Travels in Toyama

Helpful reports on navigating a slower side of Japan


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April in Toyama means several things, but for the leisure suit wearing jet set like you and I, it brings cherry blossoms and a brief moment of semi-decent weather.



Let's start at the south exit of Toyama Station, shall we? Catch the Centram (streetcar, boarding point is southeast of the station) if it's raining or you're in exceptional hurry, otherwise walk due south for 10 minutes until you see the castle. If you do choose the train, it'll cost a flat 200 yen payable on exit at the front of the car. For Toyama Castle, get on a streetcar headed southwest and hop off at Marunouchi, about 6 minutes later.



Toyama Castle stands at the southeastern side of the park. A concrete reconstruction dating from 1954, the building houses the Toyama Local History Museum. Though utterly unrepresentative of historic castle architecture, the interior houses some attractively designed exhibits, maps, and photographs. Unfortunate for our purposes, the museum has virtually nothing in the way of English explanations, and thus warrants only a visit by the most stalwart non-Japanese tourist. Open everyday except for randomly scattered exhibit-changing periods, 9AM-5PM.

For those curious, the only original feature that remains is Chitose-mon (千歳門), the red-roofed gate on the eastern side.

(Incidentally, my favorite feature of the castle ruins is the wholly unauthentic parking structure entrance just next to Chitose-mon. When I first arrived in Toyama, I lamented that the plain cement entrance didn't match the style of the castle it sat under. Rather to my surprise, within a year or so renovations to the wall and entrance on that side finished and the parking structure found itself with an appropriately fancy entrance.)



Perhaps the most impressive hanami (花見, "flower viewing") to be had in the city of Toyama is along the Matsu River, centered on Toyama Castle Park. During the week-long window that the cherry trees are in bloom, vendors of roughly carnival quality set up shop there and peddle the festival foods: skewered meats and seafoods, sweets, and beer. Depending on the time of day, many a retiree or drunk salaryman can be seen sitting underneath the billowing trees, celebrating the changing of the season and the new fiscal year.



If strolling or sitting just won't satisfy your cherry blossom viewing needs, also available are extremely shallow-bottomed boat rides up and down the river. The redundantly named Matsukawa River Cruises will take you on a 20-30 minute ride under the oft-replaced but nonetheless historic bridges and through the tunnel of blossoms that engulf the sky during peak season. Cruises run March through November, weekends and holidays 10AM-5PM with expanded days and hours during cherry blossom season. 1500 yen for adults, 750 yen for children.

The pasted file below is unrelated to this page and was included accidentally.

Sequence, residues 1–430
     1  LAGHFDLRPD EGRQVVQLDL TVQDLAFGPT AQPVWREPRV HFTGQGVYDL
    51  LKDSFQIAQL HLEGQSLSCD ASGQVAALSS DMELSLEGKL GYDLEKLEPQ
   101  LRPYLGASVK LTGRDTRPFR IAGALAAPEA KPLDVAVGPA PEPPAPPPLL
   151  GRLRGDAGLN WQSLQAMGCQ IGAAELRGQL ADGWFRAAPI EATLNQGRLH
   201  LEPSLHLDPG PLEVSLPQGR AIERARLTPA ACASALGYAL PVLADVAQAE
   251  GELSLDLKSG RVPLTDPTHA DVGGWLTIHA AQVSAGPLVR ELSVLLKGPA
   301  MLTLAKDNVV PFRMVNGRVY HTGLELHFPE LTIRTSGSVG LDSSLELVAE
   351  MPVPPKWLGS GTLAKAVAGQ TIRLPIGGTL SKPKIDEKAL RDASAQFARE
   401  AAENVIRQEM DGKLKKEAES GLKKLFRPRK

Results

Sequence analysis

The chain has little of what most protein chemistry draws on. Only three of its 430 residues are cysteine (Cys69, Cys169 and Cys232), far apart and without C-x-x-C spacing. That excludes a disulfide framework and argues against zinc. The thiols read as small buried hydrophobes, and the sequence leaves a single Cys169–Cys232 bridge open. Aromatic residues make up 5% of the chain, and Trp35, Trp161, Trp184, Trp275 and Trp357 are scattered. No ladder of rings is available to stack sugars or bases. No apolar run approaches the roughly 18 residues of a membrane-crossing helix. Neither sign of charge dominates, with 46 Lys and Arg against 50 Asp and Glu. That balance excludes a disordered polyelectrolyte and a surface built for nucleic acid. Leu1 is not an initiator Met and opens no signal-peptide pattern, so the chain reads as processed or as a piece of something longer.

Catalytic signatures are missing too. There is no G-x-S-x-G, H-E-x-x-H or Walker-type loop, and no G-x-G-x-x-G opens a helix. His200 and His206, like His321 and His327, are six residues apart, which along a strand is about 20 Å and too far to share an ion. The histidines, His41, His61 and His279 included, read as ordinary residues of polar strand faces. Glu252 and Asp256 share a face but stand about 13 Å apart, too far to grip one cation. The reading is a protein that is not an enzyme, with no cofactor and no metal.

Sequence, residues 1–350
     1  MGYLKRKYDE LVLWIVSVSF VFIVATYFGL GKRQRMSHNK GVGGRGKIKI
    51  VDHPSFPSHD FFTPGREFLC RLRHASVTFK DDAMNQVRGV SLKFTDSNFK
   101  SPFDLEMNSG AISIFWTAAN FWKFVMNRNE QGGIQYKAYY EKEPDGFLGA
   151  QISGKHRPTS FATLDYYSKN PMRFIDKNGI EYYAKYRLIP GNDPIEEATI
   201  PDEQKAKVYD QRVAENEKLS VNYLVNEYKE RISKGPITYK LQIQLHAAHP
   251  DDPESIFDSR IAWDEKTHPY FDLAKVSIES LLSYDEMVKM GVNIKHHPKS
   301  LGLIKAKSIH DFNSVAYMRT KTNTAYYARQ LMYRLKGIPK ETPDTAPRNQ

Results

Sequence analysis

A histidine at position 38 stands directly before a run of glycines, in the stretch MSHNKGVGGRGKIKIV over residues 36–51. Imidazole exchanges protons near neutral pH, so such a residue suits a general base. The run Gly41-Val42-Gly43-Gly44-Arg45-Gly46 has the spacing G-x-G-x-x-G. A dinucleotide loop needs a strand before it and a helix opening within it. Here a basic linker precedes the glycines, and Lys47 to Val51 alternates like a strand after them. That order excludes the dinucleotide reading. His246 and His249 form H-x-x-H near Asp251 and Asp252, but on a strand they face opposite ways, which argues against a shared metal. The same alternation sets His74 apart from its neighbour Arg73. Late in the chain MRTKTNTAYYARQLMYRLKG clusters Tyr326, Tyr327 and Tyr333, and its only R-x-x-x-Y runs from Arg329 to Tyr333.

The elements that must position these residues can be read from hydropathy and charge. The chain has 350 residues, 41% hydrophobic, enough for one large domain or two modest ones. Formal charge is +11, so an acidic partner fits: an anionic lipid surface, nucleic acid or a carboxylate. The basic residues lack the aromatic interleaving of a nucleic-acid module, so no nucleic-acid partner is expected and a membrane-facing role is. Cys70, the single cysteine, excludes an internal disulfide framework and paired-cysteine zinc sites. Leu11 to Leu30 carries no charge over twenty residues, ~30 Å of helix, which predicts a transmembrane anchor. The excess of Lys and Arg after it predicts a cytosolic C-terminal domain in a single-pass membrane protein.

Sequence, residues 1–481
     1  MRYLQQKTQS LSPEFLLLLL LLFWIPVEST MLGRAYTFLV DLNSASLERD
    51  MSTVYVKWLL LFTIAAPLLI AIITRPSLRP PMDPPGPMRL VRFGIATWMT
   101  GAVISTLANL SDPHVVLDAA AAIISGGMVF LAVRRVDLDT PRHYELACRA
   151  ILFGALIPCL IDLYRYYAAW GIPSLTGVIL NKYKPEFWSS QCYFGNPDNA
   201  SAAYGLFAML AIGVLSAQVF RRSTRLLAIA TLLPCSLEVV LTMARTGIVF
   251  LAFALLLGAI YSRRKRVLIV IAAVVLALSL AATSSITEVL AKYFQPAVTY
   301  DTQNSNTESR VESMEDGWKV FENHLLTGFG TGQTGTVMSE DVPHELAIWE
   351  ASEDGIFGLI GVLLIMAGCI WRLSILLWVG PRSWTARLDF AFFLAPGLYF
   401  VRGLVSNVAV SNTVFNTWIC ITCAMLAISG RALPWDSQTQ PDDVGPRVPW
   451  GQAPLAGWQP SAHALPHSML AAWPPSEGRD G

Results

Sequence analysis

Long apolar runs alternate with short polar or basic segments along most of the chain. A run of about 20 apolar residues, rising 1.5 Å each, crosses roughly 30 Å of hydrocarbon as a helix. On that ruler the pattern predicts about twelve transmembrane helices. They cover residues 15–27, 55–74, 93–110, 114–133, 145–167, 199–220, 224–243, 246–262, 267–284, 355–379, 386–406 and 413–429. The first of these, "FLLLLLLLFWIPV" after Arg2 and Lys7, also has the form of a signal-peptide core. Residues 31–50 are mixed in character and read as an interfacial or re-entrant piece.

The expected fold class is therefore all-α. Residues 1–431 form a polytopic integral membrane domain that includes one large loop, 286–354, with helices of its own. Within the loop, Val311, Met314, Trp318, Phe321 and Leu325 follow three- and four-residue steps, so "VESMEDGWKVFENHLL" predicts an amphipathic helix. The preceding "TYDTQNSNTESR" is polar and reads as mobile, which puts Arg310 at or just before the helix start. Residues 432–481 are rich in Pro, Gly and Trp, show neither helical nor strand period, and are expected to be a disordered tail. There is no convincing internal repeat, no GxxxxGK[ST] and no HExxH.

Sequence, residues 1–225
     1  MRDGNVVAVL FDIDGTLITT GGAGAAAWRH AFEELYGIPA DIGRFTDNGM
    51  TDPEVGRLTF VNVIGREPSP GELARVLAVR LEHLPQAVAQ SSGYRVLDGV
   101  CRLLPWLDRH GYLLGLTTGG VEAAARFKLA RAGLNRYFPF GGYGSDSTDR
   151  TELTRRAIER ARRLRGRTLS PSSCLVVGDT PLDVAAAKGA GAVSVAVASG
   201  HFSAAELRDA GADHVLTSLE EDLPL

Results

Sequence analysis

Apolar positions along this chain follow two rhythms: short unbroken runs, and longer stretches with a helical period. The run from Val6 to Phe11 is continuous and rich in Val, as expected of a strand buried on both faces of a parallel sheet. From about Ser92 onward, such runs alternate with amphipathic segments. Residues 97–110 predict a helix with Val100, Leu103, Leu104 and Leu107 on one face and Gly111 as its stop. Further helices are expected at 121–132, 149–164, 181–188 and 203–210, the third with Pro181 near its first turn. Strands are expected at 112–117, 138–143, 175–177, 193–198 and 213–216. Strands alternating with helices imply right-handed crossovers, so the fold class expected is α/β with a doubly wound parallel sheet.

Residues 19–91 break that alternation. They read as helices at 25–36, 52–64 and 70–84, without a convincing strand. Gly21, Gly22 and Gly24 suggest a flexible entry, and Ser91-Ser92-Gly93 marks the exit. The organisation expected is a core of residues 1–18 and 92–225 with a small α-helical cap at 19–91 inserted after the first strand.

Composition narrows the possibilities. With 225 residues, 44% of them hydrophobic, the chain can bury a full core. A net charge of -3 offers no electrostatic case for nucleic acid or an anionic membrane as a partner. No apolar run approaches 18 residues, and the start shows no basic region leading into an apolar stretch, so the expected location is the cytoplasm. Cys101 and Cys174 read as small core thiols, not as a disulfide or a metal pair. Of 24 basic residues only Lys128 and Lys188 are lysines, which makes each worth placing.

Boats depart from the northeast corner of the castle. While you're there, why not enjoy some green tea and Japanese sweets at the conveniently located tea house?



Historically speaking, the Matsu River itself is the result of a fairly recent human intervention. The still-mighty Jinzu River once cut its way through downtown Toyama, serving as a moat to the castle, a main economic artery, and hosting a vital funahashi (船橋, a bridge constructed of boats lashed together). Occasional catastrophic flooding prompted its redirection around the turn of the 20th century and the reclamation of most of the river's old path, leaving a symbolic trickle behind in the form of the Matsu River. A modern bridge stands where the much longer funahashi is thought to have been—you can pick it out by looking for the somewhat boat-shaped protrusions from sides of the bridge.

If the price of the river cruise is too steep for you or it's not running, the cement banks have occasional walkways that offer an equivalent (if off-center) view, but lack the fun of passing very closely under bridges and have no boat-driver Japanese narration.



Once you've finished your cruise and downed your tea, head to Toyama City Hall's Observation Tower, located in the largish building just across the river. Perhaps my favorite tour spot in the heart of the city, the observation tower is free, well-located, and it commands a great view of this urban metropolis, as well as the Tateyama Mountain Range and Toyama Bay. Don't be put off by the complete lack of English direction, getting up to the top of the tower isn't too difficult if you know what you're looking for. Enter city hall and find the main atrium, then locate the bank of elevators. Only one goes to the top. Look for the 台 character on the floor markers.

Alright, I lied, it is needlessly difficult—maybe Toyama City will improve their signage at some point. Still, it's worth the effort and you can always ask/complain to the ever-helpful staff about how you might get to the observation tower (展望塔, tenbōtō). Embrace the adventure that is Japan, folks. Open everyday except for the New Years holidays, 9AM-9PM in the summer and 9AM-6PM in the winter; opens at 10AM on the weekends and holidays.

A brief English (and Chinese and Korean and et cetera) spoken explanation is available (when not broken), just crank the dial on the telescope stand to the right until it starts playing.



With the 360° view of the bay, mountains, city, and countryside taken in, we're done with our mini-tour of Toyama's city central. To return to Toyama Station, walk back to the north for 10 minutes, or head east along the river to the Sakurabashi stop and catch a streetcar.
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